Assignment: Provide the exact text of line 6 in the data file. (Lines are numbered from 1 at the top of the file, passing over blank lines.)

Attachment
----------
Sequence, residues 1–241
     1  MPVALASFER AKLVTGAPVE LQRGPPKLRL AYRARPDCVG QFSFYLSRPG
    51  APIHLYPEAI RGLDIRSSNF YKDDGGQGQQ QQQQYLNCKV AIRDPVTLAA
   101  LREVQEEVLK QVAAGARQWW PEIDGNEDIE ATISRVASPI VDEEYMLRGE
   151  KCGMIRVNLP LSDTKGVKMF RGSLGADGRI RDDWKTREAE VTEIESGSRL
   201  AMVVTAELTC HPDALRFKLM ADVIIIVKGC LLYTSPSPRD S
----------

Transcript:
   201  AMVVTAELTC HPDALRFKLM ADVIIIVKGC LLYTSPSPRD S